Self-Therapy: Evaluating Depression

This self-therapy blog isn’t just about depression, eliminating alcohol and sharing my emotions, actions, and personal details here. The past six months have been a healing process in many ways. If I want to live a happy life, I need to heal from the things that made me feel icky; and for now, I don’t want to let in anyone new. I am perfectly happy with my decision, because I know it’s right for me. By distancing myself from people and their influences, I am truly getting to know myself more. And this has resulted in wanting to be alone. 

At the end of April, I posted ‘Depression Creeps Back.’ Around that time, I ran out of probiotics and bought some I never tried from Walmart. Until I purchased a different brand a month ago, I didn’t realize a waste of money the one I purchased from Walmart was. Within three days, I felt like a different person altogether – happier and more energetic. I have written about this before, and I truly believe the right probiotics are an enormous influence that fights depression. How something simple and natural can alleviate debilitating symptoms needs to be studied and practiced more. There are studies about depression starting in the gut, but it doesn’t seem like it’s actually being used in the medical community. I also feel that the higher my sugar intake, the better chances of depression coming back or staying. Add alcohol to that mix, and it’s a recipe for disaster. 

If I could explain depression in measurements, imagine a heart monitor line. I’ll call it a “mood line.” Above the flatline, the mood line is levels of happiness and joy; below the flatline, the mood line is levels of depression. When it’s at flatline, I feel neutral – not sad or joyful – but content. Coming out from below the flatline, being content is enough to make me feel satisfied – because below it is a depth of hell. Sometimes contentedness is mistaken for happiness, because depression sucks so badly. Another way of describing depression: You have the flu and feel horrible, but by the third day you’re feeling better. You’re not 100% but compared to the last two days, you’ll take what you can get. Contentedness is that third day.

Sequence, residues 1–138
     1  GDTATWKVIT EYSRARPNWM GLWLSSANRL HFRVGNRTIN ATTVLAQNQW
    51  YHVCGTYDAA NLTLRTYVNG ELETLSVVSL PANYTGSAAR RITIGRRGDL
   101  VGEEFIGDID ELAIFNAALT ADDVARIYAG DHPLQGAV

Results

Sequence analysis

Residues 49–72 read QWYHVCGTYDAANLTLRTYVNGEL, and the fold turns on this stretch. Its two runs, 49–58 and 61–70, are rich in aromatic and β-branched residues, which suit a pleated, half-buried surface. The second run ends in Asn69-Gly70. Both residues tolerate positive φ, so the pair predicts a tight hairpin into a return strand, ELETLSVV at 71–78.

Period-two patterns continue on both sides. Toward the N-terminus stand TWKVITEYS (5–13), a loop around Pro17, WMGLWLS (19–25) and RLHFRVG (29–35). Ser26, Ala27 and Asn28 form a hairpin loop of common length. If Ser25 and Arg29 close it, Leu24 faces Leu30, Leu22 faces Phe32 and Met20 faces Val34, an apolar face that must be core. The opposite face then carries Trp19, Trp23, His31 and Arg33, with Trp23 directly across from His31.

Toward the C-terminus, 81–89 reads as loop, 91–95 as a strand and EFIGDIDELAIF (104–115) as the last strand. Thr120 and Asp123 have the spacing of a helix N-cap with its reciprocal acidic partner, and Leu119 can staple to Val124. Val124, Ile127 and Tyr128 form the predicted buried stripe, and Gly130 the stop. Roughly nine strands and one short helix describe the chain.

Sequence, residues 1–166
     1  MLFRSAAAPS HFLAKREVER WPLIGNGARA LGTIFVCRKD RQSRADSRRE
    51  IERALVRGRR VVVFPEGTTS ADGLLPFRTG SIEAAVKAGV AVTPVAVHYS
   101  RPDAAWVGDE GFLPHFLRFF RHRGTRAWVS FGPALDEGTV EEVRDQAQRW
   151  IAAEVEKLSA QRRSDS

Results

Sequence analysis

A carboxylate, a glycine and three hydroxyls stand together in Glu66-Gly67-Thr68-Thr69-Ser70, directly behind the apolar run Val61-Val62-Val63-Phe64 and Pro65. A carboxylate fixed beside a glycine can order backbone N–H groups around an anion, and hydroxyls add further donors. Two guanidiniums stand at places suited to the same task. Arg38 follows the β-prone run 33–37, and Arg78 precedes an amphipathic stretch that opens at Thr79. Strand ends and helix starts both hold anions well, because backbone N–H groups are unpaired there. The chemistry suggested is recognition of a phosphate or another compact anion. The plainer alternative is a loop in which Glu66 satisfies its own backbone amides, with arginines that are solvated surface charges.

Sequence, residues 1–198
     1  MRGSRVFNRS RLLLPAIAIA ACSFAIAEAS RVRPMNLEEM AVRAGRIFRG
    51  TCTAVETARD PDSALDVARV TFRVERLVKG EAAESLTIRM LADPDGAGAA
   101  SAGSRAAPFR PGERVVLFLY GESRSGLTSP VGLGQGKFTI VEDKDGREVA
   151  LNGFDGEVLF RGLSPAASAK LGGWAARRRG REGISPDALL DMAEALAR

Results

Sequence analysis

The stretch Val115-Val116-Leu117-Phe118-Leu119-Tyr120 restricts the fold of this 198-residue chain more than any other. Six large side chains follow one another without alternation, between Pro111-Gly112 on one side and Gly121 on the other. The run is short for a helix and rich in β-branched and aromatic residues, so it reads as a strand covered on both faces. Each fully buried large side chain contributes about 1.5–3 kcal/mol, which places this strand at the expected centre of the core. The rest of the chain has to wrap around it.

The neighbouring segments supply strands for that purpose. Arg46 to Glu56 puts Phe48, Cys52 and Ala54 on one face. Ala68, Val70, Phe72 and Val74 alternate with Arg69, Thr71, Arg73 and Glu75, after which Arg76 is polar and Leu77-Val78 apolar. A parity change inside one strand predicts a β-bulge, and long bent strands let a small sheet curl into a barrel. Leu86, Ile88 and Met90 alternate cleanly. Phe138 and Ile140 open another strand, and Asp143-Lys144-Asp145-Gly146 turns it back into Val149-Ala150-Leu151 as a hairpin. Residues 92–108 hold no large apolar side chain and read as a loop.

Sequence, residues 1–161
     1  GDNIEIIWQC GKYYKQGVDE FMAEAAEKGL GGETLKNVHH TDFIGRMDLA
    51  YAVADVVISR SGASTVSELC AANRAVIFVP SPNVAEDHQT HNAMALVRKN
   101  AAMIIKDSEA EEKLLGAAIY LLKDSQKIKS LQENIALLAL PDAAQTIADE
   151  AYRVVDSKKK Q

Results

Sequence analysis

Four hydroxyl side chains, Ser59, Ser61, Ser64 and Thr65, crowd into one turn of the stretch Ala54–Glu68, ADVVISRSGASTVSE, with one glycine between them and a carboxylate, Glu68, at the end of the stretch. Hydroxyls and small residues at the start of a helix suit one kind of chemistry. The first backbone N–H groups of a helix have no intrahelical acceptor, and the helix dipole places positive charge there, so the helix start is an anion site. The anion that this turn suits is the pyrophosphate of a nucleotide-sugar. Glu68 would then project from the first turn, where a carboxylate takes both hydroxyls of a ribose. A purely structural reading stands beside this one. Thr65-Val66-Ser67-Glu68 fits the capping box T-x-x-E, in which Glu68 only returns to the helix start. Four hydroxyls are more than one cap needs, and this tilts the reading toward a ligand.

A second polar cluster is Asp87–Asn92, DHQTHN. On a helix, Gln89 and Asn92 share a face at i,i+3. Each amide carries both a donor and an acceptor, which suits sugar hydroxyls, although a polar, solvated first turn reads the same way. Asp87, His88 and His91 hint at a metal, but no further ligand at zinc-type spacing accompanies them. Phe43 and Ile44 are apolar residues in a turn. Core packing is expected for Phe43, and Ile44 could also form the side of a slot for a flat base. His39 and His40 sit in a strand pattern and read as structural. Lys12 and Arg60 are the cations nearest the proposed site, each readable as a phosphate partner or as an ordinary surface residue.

Physically, my body also feels depressed when my mood is depressed. This also makes me wonder more about fighting depression starting with the gut instead of with the brain. For me, depression in the body feels like this: A really terrible hangover in which you cannot get out of bed when you are over age 40. (I use this age, because this is when many people discover they cannot drink they way they used to.) 

When I catch myself singing, I know my mood has lifted above the flatline. Since taking the new probiotics, my mood has lifted – and more importantly – has continued to stay lifted more days than not. I catch myself singing and smiling, joking, and feeling a lot more normal and like myself than in the past several years, even when I’m tired or not feeling well. It’s a natural feeling that I had forgotten. A certain amount of alcohol used to make me feel that way, but it wasn’t the same. I don’t know how to describe it, but the alcohol-induced joy was more like a heavy happiness. Now my mood feels normal, natural, and healthy. As I am writing this on June 30, 2021, I feel slightly above content (I’m tired and in pain, however). With exercise, I can probably continue to elevate my mood.